Negative House Prices

Can house prices go negative? If so, could it happen here?

Let’s price a house = the discounted sum of future cashflows connected with it. Take the case of an empty “investment” property in Ballybust. What is it worth to a buyer now?

Short and medium term: -ve cashflows = transaction cost, property taxes, maintainence, background heating etc

Long term: +ve cashflows = unknown sale at some unknown future date, or unknown rental stream at some unkown future date.

The Present Value of these cashflows can be negative if realisation of LTEV is delayed enough. i.e a “buyer” needs to be paid to assume ownership now.

Is a house price fall of 100% too optimistic in some cases?

well… the land could be used for other purposes so if someone could knock the house and do something that makes money on the land… then whatever they’d be willing to pay would probably be a baseline.

anyone know how much a farmer would pay for land?


Site cleanup costs are going to be substantial on some sites.

Negative prices might be a problem from a legal point of view. If the seller pays the buyer to take the property then it might not legally be deemed a sale, and there could be a problem with the title later on. Hence the use of token prices of €1 when selling distressed commercial assets.

If the market were allowed to function, then yes, prices in undesirable areas of ireland, will go to €1. Thats what happened in northern english cities in the late 90s and thats whats happening in Detroit today. Those burnt out houses in Southill Limerick are probably worth €1 right now.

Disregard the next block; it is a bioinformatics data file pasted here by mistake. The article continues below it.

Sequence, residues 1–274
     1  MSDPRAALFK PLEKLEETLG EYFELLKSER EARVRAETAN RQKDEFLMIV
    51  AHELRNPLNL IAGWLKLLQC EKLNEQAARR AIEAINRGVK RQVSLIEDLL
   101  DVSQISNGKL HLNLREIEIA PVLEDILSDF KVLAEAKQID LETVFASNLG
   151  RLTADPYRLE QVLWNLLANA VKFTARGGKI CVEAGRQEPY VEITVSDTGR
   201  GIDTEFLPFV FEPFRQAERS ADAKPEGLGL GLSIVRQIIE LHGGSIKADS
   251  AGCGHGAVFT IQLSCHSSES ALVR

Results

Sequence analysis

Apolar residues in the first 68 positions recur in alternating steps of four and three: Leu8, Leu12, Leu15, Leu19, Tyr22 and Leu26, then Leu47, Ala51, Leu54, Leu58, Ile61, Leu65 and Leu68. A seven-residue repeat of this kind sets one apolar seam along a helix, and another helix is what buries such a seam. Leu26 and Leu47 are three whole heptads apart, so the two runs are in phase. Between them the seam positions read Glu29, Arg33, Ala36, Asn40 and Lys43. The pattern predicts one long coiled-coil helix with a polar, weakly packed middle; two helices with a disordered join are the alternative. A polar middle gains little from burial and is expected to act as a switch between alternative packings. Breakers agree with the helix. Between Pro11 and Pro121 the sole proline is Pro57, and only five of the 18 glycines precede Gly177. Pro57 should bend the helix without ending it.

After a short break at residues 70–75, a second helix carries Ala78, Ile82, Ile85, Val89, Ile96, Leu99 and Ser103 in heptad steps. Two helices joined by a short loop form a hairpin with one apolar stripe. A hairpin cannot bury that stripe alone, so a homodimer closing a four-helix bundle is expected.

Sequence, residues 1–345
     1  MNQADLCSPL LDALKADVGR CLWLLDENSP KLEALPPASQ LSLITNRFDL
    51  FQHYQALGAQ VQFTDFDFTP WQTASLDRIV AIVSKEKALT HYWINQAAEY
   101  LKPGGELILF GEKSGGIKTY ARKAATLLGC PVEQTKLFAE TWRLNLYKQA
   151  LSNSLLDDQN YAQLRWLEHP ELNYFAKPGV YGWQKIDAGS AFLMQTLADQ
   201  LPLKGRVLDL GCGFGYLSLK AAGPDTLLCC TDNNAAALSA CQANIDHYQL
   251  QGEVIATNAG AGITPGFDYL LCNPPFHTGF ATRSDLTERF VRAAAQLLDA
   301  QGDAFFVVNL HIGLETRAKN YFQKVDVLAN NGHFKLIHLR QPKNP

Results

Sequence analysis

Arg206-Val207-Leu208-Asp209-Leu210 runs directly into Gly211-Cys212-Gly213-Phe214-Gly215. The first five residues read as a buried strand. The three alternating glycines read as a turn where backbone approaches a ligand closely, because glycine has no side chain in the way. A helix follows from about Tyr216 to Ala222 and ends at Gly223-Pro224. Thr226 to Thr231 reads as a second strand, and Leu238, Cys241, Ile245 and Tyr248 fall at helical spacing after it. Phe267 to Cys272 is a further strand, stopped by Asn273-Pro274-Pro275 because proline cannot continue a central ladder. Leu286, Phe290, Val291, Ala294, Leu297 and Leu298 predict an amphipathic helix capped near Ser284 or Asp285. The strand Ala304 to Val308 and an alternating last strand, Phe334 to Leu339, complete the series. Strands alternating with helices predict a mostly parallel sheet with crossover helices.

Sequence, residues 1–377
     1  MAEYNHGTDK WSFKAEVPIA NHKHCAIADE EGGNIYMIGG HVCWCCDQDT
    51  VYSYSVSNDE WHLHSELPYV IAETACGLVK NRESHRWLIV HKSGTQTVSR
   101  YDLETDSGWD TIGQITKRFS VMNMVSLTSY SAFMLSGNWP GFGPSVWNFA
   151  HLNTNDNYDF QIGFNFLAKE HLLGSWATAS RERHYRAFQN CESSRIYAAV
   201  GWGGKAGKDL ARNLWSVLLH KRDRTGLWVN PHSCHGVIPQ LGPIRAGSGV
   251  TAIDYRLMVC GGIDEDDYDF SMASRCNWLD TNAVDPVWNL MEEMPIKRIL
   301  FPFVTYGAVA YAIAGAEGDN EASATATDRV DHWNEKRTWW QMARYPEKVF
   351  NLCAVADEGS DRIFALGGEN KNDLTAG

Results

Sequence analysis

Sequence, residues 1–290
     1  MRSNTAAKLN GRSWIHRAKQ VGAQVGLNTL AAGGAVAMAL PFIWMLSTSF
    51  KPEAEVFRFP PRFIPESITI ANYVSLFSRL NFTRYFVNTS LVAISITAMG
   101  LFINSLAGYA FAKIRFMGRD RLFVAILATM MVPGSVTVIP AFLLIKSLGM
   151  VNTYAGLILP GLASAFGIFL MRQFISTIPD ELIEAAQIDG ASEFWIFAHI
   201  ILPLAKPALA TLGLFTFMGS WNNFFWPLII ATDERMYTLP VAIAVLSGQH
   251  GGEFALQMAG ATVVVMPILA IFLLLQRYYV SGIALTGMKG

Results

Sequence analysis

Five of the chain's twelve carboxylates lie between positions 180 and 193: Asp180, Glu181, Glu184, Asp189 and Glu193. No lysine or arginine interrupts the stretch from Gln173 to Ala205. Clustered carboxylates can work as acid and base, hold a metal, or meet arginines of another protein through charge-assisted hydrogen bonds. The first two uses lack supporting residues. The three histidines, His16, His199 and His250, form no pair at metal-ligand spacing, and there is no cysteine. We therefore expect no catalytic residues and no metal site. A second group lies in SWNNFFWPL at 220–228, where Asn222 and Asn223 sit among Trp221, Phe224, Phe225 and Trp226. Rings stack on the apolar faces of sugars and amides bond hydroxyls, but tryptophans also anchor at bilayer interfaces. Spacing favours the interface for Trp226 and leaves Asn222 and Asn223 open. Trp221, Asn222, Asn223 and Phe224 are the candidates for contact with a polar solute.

It is beginning to dawn on many people that many development sites in rural Ireland have a negative value - the cost of building on the land does not come close to what a buyer will pay. The concept of a house having a minus value is an intriguing one and must be a probability in some locations. Everyone agrees that there are some houses that will simply be never lived in - so what do we do with them? There is a political and community angle. Should local authorities have the power to take over abandoned estates for the common good? We may even see a constitutional referendum on this and other issues which are challening the very roots of our communities. We may need a new consittuion to cover the very changed world we are entering and where ‘more of the same’ will simply not do.

If the purchaser pays €1, but does so on the basis that the vendor pays the cost of demolition, does that constitute a negative price ?

Yes. As H&S says legal may say €1 but there would have to be a side deal to compensate the “buyer”.

The “buyer” has to pay a solicitor, apply for planning permission for demolition (?), pay for demolition, pay landfill costs less any salvage, excavate and fill the site with topsoil and they pay conveyancing cost if he finds an agricultural buyer.

-€10k fairly easily?

That house is currently bid to 35k. 50k required to refurb. Still will produce a yield of 5-6% on 85k

What about, say, old wrecked cars or certain types of electrical equipment where you have to pay to have them taken away to be scrapped? Precedent, surely?

And on the topic of negative value :angry:

I clicked on that daft property link and some other properties from the same agent caught my eye.

Limerick city property prices don’t seem too bad.

I know some of these need a lot of work but surely the first one of these is a misprice?